Thanks. I will confirm with Dr. Sakas just to get his thoughts. After I sent the email, I re-read the excerpt from your original email and did notice that you had mentioned 6-12 hours for the crop to empty. I must have had brainlock, so I apologize :).
On a separate but related matter, I was wondering earlier how long it would take for a bird’s crop to empty and was going to ask Dr. Sakas, which, with everything going on, I had forgotten to do. Last month, we were rehabbing a feral Pigeon, who we named Streak. I am including a picture of her below.
In the picture above, she was standing in her water bowl (I guess to cool off her feet). She was ill, but you could hardly tell from the picture above. It is a long story, but she died (after 10 days in our care) before we could release her back into the wild. In addition to having three different infections, she had kidney and cardiovascular issues which contributed to her demise.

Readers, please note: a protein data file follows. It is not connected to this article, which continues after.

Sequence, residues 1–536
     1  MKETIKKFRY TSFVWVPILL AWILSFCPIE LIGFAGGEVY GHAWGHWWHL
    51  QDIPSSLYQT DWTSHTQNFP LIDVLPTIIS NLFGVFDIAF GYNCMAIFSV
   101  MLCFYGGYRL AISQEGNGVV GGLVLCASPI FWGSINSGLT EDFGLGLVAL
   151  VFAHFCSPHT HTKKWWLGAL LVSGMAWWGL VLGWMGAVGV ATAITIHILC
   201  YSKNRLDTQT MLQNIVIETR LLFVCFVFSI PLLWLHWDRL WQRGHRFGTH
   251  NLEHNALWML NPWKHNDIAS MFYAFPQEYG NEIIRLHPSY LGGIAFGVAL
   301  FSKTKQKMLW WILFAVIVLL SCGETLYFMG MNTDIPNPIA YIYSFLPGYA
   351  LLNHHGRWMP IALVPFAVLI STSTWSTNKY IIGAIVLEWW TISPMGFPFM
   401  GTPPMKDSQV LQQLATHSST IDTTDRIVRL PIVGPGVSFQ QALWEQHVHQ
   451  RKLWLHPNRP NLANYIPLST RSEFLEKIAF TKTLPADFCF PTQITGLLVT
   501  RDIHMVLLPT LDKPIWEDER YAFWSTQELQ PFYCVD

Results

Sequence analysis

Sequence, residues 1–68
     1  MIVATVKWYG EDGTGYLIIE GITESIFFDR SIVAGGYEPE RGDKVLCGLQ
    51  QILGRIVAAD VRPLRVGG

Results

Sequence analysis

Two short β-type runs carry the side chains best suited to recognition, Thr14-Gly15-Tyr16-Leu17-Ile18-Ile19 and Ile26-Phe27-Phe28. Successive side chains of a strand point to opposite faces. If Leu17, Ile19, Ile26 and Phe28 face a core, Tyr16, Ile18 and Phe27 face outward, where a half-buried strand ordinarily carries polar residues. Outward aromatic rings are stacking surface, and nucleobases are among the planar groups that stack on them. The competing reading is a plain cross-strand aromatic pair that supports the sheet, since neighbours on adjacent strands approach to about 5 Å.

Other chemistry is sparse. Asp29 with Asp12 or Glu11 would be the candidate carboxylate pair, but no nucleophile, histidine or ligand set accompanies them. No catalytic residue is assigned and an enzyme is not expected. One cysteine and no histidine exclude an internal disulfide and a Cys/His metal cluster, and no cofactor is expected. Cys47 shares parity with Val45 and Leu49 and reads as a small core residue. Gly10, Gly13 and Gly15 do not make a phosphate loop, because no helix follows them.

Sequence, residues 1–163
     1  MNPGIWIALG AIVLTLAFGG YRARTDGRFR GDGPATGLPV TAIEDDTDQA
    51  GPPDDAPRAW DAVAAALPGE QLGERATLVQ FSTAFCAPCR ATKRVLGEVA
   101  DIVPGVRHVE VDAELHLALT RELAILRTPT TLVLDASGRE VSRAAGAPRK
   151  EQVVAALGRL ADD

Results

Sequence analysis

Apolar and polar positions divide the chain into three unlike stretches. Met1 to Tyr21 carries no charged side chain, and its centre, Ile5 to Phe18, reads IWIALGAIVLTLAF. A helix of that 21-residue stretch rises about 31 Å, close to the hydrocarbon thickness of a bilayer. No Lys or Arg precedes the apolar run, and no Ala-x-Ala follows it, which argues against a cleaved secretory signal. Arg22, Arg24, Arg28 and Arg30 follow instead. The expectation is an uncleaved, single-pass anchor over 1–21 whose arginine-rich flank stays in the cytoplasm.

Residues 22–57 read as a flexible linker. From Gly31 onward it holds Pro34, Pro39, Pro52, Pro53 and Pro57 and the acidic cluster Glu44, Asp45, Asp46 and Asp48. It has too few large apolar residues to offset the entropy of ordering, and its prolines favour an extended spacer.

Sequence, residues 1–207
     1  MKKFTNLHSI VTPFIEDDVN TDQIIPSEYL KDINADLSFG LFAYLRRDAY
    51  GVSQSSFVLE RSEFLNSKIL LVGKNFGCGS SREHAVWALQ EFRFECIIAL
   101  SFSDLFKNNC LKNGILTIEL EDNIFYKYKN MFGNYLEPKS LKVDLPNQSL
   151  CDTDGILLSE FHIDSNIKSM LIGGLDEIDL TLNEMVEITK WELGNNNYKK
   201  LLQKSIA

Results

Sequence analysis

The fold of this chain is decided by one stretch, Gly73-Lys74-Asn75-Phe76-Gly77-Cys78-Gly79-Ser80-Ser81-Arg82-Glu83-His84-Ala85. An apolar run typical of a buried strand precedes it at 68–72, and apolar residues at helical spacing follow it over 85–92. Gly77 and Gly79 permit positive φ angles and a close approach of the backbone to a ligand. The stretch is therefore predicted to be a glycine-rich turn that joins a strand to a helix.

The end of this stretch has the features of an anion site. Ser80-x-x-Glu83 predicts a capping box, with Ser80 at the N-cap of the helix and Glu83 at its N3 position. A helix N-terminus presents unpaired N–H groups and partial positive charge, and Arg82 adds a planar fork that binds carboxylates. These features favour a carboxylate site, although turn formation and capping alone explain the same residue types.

She walked into our house through the kitchen door that I had held open while she was standing on our back porch and would not leave. The picture above was taken the morning after she walked into our house. We took her to Dr. Sakas and even though she had eaten breakfast in the morning and was munching on her food continuously, when we took her into the vet that afternoon, Dr. Sakas said that her crop was empty. So her system was not processing food very well at all. She had parasitic, bacterial and fungal infections and she was passing whole seed in her droppings so she would not have lasted much longer in the wild.
He's handled a 1000 birds of numerous species when they visited monthly birdie brunches in the old Portage Park (Chicago, IL) facility. The one with the parrot playground. Mitch has written and published more than 1100 articles on captive bird care. He's met with the majority of CEO's and business owners for most brands in the pet bird space and does so on a regular basis. He also constantly interacts with avian veterinarians and influencers globally.